Somerville Community Access Television, doing business as Somerville Media Center, has been ordered by Mayor Katjana Ballantyne to cease operations in its facility at 90 Union Square and vacate the building by August 31, 2023.
SMC will leave its present location at the city’s request and is negotiating a commercial lease for another location in Somerville to rebuild SMC’s television studios, its internet radio station Boston Free Radio, and youth and adult education spaces as soon as possible. In the meantime, we are working with our partners to find temporary locations for our youth program, our producers, our gallery, and all the art and media our members produce.
SMC started in 1983 as the first community access television station in Massachusetts. Thirty-eight years ago, at the direction of then-Mayor Eugene Brune, the City of Somerville renovated the former firehouse in the center of Union Square to create television studios to be run by the community. SMC was the site of the first national teleconference for the deaf, the first cable access lesbian soap opera, and some of the earliest panels on transgender youth. It was also the starting point for such treasured recording artists as Tracy Chapman, and it remains the home of the longest continuously produced access show in the United States, Dead Air Live. We are now SMC, with an internet radio station (Boston Free Radio) and a thriving youth program.
The Board of the Somerville Media Center wants to thank the entire community for its support over the last 40 years. We’re building to make sure we are there for you for the next 40.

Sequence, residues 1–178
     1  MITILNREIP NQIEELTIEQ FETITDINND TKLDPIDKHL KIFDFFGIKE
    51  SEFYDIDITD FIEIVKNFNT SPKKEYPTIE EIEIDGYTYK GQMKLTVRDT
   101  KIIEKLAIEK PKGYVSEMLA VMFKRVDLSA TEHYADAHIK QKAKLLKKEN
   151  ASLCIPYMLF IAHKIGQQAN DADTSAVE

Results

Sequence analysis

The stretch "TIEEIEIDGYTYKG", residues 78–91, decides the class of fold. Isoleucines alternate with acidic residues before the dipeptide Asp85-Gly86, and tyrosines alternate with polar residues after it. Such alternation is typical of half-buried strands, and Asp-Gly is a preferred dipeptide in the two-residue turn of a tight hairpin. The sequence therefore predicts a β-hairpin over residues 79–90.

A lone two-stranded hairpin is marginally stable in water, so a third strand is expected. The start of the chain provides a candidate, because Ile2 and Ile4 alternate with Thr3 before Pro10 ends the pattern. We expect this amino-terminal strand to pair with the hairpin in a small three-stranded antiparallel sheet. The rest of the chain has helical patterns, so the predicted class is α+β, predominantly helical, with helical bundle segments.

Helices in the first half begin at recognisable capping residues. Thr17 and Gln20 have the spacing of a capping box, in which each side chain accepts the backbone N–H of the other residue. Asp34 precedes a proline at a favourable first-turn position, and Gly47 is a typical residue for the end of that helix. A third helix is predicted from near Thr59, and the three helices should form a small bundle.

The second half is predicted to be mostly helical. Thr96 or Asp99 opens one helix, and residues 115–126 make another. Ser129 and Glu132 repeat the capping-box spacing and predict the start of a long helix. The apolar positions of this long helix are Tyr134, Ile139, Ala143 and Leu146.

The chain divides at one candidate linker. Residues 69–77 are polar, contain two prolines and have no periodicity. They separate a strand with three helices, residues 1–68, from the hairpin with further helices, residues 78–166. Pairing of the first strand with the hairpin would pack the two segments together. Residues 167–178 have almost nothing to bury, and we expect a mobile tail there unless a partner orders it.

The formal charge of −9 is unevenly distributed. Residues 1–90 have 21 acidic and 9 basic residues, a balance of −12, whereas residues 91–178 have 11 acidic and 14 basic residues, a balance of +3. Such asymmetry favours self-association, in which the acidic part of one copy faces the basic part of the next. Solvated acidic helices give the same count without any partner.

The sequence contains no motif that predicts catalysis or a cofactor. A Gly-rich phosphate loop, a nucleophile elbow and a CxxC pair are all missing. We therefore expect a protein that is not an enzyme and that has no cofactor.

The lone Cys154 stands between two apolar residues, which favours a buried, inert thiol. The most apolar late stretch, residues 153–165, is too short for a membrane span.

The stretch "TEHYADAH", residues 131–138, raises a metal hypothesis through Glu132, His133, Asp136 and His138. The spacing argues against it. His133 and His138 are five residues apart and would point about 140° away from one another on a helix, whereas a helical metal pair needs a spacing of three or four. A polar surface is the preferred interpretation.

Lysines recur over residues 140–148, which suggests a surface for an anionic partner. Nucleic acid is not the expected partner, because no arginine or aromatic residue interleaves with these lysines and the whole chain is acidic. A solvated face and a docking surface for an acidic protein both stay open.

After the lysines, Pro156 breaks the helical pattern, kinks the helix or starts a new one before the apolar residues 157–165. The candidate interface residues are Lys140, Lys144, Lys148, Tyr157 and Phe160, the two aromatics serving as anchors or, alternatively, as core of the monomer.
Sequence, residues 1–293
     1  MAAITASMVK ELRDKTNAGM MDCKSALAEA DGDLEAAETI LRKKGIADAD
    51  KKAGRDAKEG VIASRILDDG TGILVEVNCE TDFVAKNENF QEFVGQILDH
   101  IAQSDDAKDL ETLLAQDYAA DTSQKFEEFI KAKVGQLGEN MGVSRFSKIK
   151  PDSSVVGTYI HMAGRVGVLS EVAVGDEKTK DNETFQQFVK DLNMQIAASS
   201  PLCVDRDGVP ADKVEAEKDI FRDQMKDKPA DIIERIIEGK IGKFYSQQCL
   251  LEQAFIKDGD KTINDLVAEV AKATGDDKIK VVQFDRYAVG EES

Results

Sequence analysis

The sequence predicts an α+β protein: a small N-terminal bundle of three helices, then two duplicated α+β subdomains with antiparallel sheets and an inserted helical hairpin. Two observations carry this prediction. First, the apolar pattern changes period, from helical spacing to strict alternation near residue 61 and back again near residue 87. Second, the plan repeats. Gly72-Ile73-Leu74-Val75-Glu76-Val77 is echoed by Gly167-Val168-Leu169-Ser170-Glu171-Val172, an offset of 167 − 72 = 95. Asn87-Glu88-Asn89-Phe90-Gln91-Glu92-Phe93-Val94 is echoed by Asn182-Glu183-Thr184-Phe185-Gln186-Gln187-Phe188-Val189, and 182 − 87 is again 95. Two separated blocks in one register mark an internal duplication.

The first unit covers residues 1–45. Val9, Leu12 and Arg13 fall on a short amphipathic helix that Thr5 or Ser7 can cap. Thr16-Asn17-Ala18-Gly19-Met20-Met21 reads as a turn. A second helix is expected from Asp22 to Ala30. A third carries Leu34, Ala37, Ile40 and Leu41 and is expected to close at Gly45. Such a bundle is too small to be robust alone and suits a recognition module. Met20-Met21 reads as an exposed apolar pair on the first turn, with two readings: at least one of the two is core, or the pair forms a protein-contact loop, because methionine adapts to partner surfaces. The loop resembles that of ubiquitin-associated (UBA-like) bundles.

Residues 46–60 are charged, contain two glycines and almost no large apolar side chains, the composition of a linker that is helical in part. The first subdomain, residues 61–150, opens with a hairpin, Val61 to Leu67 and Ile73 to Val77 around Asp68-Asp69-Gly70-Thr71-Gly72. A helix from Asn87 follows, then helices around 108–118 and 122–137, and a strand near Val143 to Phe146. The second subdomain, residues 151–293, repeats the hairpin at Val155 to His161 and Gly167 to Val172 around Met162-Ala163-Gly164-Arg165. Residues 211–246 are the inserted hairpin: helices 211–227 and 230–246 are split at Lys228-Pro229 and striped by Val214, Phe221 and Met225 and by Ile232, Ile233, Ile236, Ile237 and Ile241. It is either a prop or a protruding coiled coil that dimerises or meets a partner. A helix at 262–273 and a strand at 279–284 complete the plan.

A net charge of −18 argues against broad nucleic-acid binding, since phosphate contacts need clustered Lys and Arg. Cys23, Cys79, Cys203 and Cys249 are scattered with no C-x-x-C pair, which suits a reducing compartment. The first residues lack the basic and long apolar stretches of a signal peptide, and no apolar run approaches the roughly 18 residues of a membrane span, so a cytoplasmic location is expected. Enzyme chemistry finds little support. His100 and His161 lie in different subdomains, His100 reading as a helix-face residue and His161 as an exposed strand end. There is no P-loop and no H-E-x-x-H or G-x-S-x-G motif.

Frequent Questions & Answers
Where is SMC moving?
We are currently working to find a new location in Somerville to support our programs and will
announce further details as soon as possible.
Will SMC close?
No. We anticipate that many of our services will remain available to the public. We expect that Channel 3 (SCATV) and Boston Free Radio (BFR) will continue broadcasting. We are working to determine the interim availability of our other services to our members, including after-school programming, community meeting space, arts gallery, and internet access for unhoused people.
What happens to my SMC membership?
We will extend your membership to compensate for the time in-studio you have lost. If we cannot give you access to a studio for six weeks, we will extend your membership for six weeks.
What happens to the youth program if you have no facility?
SMC will leave its present location at the city’s request and is negotiating a commercial lease for another location in Somerville to rebuild SMC’s television studios, but this will take time. We’re working on a temporary location for the youth program.
How can I help?
This is a big change for all of us, so that you’re willing to stick with us is really appreciated. Sign up for our newsletter and we’ll get updates out as soon as we have them. The link to sign up is at the bottom of somervillemedia.org
Jesse Buckley, Board President